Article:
[jboss-user] [JBoss Tools] - show-domain-info: openshift-java-client in a nutshell

Andre Dietisheim do-not-reply at jboss.com
Fri Aug 24 11:05:03 EDT 2012

Andre Dietisheim [https://community.jboss.org/people/adietish] modified the blog post:

"show-domain-info: openshift-java-client in a nutshell"

To view the blog post, visit: https://community.jboss.org/community/tools/blog/2012/08/24/show-domain-info-openshift-java-client-in-a-nutshell

At JBoss Tools we created a java client that allows you to talk to the  https://openshift.redhat.com/app/ OpenShift PaaS:  https://github.com/openshift/openshift-java-client openshift-java-client. The library is already used in the  https://community.jboss.org/en/tools/blog/tags/openshift OpenShift tooling in  http://www.jboss.org/tools/ JBoss Tools, the  https://github.com/forge/plugin-openshift-express/ Forge plugin and  http://www.appcelerator.com/platform/titanium-studio Appcelerators tooling for OpenShift.
This blog post will show you how to use okthis API in your very own java programs. We'll develop a command line tool that displays informations equivalent to what you get when running *rhc domain show* with the  https://openshift.redhat.com/community/developers/install-the-client-tools OpenShift command line tools: It displays basic informations about your user.

User Info
Namespace: andre
  RHLogin: andre.dietisheim at redhat.com
Application Info
    Framework: jbossas-7
     Creation: 2012-08-10T11:24:13-04:00
         UUID: 8ad0d94f39aa4295a0049de8b8b5ef55
      Git URL: ssh://<SOMEID>@kitchensink-andre.rhcloud.com/~/git/kitchensink.git/
   Public URL: http://kitchensink-andre.rhcloud.com/
      jenkins-client-1.4 - Job URL: https://jenk-andre.rhcloud.com/job/kitchensink-build/

You'll find the sourcecode for this example at github:  https://github.com/adietish/show-domain-info https://github.com/adietish/show-domain-info. All the code that is shown in this blog is contained within the  https://github.com/adietish/show-domain-info/blob/master/src/main/java/com/redhat/openshift/examples/domaininfo/Main.java Main class.

If you want to dig futher, you'll get a more complete example that includes jenkins in  https://community.jboss.org/docs/DOC-19828 this wiki article.
h1. Openshift-java-client 2.0
The  https://github.com/openshift/openshift-java-client openshift-java-client is a java library that allows java programs to talk to the OpenShift PaaS. It talks to the new OpenShift  https://openshift.redhat.com/community/sites/default/files/documents/OpenShift-2.0-REST_API_Guide-en-US.pdf RESTful service and allows users to create, modify and destroy OpenShift resources: domains, applications, cartridges, etc.It is hosted on github at  https://github.com/openshift/openshift-java-client https://github.com/openshift/openshift-java-client and is available under the  http://www.eclipse.org/legal/epl-v10.html Ecilpse Public License.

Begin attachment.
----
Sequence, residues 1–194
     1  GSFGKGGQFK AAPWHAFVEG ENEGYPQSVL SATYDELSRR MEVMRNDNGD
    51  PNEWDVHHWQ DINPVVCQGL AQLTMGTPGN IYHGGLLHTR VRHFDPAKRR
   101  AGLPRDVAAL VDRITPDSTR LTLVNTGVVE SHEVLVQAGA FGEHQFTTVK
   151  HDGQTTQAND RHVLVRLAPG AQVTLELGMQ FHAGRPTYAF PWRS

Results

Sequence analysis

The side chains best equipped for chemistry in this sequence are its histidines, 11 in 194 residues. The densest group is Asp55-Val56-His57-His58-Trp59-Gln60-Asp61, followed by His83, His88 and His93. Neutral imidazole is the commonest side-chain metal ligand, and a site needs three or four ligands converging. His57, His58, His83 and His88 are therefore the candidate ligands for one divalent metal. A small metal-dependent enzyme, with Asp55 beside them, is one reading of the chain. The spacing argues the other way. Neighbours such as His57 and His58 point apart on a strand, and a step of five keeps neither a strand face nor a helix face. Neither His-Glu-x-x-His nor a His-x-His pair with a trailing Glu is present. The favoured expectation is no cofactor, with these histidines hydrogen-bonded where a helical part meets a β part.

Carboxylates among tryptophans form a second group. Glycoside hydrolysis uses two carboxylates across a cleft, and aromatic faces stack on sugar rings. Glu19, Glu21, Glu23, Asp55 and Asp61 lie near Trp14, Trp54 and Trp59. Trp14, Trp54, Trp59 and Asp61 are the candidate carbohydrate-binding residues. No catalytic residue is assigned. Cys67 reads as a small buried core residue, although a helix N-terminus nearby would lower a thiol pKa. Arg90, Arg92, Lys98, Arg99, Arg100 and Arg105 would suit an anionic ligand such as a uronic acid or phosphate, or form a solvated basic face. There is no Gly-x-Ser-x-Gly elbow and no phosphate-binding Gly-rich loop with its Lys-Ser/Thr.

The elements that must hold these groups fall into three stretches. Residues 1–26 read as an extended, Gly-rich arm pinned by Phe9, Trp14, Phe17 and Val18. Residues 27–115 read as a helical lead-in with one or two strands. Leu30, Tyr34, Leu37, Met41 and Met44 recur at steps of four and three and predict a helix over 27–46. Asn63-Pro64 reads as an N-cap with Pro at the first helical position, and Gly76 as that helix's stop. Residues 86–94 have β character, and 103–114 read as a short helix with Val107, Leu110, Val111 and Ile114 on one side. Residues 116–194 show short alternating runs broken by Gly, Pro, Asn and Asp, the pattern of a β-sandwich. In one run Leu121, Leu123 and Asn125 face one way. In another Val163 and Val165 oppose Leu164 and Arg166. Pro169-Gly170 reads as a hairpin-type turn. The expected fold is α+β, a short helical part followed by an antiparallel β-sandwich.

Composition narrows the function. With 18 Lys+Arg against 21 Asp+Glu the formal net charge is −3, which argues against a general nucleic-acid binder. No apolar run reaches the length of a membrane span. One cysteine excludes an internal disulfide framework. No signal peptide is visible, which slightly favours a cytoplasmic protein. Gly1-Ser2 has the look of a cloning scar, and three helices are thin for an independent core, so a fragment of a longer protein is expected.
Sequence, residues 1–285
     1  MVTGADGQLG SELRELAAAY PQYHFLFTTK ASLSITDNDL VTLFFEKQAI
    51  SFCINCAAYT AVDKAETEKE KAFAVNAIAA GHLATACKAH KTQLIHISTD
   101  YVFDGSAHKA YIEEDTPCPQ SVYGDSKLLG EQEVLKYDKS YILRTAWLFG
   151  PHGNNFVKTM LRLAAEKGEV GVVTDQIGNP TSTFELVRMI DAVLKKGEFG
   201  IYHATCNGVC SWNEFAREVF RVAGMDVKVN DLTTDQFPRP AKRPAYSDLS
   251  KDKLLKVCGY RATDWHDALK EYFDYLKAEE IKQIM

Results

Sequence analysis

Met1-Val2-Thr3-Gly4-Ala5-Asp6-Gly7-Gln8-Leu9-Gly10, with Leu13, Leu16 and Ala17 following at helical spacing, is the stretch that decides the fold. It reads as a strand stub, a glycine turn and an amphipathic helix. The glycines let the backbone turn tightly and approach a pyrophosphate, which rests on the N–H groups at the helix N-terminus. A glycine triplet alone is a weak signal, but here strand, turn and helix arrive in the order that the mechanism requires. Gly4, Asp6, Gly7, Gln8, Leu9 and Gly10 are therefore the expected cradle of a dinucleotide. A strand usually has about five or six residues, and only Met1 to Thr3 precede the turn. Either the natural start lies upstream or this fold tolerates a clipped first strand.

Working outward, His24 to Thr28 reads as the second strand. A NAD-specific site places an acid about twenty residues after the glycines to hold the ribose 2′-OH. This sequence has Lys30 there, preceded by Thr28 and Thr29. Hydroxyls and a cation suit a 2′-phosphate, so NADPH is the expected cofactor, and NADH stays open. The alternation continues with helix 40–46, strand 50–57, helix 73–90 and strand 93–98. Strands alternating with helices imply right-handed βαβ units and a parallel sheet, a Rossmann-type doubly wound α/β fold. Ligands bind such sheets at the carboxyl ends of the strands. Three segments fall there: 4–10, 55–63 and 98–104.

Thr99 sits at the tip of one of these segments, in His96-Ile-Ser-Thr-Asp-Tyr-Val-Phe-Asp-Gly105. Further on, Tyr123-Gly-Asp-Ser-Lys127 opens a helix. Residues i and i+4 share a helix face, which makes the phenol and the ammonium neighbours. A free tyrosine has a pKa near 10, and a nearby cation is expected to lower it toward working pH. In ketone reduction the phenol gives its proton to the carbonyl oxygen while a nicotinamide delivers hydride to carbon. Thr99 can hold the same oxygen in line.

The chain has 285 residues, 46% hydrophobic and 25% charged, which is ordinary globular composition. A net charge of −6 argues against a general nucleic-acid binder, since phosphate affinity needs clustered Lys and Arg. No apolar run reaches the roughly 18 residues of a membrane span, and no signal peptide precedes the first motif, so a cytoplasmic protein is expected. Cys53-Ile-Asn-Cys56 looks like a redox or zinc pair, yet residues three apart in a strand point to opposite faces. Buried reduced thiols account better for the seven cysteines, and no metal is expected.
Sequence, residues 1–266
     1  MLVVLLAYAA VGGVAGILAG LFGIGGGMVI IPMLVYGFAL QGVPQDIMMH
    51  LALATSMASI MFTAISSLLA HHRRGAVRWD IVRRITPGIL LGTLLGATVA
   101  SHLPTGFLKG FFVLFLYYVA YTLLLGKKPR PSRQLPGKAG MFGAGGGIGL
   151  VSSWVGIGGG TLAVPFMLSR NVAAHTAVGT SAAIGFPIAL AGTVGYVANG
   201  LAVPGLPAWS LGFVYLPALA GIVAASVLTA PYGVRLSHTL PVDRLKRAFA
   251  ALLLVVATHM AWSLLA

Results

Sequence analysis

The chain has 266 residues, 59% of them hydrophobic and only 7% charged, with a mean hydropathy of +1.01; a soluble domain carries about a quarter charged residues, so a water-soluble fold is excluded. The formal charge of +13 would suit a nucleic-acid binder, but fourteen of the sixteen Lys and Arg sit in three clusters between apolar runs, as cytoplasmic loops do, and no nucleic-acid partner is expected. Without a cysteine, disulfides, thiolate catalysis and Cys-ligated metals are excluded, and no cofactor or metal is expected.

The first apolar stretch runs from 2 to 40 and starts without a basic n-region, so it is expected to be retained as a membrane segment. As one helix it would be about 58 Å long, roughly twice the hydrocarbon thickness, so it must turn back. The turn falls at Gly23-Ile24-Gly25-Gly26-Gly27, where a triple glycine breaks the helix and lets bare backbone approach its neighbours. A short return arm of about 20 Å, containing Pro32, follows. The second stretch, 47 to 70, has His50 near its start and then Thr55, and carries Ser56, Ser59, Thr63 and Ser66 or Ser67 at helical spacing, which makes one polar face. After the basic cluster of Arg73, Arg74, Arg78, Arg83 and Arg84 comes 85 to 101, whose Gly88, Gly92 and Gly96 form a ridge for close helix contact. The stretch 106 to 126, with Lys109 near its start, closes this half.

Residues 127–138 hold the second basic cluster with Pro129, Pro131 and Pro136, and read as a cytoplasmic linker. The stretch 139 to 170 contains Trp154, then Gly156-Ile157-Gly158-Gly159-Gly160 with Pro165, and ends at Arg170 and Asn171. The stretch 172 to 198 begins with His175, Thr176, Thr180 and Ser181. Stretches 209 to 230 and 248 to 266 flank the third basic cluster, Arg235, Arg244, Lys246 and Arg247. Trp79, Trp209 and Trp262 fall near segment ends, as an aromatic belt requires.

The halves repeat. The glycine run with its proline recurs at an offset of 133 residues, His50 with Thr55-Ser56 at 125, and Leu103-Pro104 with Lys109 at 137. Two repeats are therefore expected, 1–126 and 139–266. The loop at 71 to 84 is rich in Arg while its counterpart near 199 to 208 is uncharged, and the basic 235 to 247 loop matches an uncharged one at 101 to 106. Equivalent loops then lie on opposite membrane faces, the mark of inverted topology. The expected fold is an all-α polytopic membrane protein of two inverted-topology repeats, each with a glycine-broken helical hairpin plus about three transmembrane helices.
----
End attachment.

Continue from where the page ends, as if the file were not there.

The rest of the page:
h1. Requirements
* You need an account on OpenShift. (If you have no account yet, you'd have to  https://openshift.redhat.com/app/account/new signup first)
* Make sure you have an OpenShift domain and some applications (to get some meaningful output)
h1. Launch Parameters
To keep the implemenation simple, the program we're about to write, only accept 2 parameters on the command line:

1. username
2. password

Launching the program with maven would look like this:
mvn test -Dusername=<username> -Dpassword=<password>
h1. Project Setup
We have to make sure that we have the  https://github.com/openshift/openshift-java-client openshift-java-client available on our classpath. The client library is available at  https://github.com/openshift/openshift-java-client https://github.com/openshift/openshift-java-client. You could clone the repo and build your own jar by telling maven to "mvn clean package". But even simpler is to add it as dependency to your  https://github.com/adietish/show-domain-info/blob/master/pom.xml#L8 pom, since the client library is available from central as maven artifact:

h1. Connect to OpenShift
After we did some basic command line parameter parsing (that we skipped here on puropose) we'd have to get in touch with the OpenShift PaaS. Using the  https://github.com/openshift/openshift-java-client openshift-java-client you'd tell the  https://github.com/adietish/openshift-java-client/blob/master/src/main/java/com/openshift/client/OpenShiftConnectionFactory.java OpenShiftConnectionFactory to create a connection for you. To create this connection you'll have to provide some parameters: 
h3. Server url
First of all you need to give it the url of the OpenShift PaaS. You may either hard code it or ask the OpenShift configuration for it:
new OpenShiftConfiguration().getLibraServer()